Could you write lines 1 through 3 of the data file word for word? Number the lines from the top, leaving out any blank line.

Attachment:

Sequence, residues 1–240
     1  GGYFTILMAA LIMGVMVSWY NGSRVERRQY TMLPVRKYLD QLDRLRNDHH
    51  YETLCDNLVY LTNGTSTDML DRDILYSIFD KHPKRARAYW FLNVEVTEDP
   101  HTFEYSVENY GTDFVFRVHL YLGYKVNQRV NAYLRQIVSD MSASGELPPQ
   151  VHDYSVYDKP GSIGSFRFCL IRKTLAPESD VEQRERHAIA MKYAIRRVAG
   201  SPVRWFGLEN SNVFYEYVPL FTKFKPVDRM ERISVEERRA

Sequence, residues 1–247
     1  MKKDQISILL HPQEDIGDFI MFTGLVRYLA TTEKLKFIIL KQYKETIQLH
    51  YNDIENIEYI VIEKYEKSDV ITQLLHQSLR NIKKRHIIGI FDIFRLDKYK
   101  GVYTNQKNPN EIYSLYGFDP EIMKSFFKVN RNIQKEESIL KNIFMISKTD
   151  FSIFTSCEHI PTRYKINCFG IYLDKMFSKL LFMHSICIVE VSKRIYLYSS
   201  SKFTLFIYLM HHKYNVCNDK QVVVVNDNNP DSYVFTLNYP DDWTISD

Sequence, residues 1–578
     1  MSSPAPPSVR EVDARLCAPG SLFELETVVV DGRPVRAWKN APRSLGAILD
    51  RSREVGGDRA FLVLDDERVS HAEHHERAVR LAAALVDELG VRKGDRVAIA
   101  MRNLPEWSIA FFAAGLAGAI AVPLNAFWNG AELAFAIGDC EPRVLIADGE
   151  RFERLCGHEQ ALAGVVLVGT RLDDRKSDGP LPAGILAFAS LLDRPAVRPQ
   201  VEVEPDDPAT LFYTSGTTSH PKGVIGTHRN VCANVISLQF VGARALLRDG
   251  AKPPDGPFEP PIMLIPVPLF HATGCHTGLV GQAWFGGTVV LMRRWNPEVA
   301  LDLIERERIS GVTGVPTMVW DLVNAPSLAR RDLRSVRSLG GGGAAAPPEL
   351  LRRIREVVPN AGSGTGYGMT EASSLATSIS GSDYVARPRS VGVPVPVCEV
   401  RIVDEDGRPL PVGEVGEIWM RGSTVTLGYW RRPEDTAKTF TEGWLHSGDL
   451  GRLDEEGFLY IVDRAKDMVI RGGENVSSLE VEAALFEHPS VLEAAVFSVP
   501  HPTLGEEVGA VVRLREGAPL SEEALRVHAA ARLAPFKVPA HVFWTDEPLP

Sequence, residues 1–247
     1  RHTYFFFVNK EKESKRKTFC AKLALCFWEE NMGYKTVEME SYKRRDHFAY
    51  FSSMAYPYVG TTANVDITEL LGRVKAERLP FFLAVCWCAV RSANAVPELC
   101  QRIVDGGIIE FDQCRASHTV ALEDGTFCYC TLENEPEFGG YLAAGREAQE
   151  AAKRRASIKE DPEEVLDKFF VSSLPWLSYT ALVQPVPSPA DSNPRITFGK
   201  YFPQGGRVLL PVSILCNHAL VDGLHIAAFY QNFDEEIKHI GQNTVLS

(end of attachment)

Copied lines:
Sequence, residues 1–240
     1  GGYFTILMAA LIMGVMVSWY NGSRVERRQY TMLPVRKYLD QLDRLRNDHH
    51  YETLCDNLVY LTNGTSTDML DRDILYSIFD KHPKRARAYW FLNVEVTEDP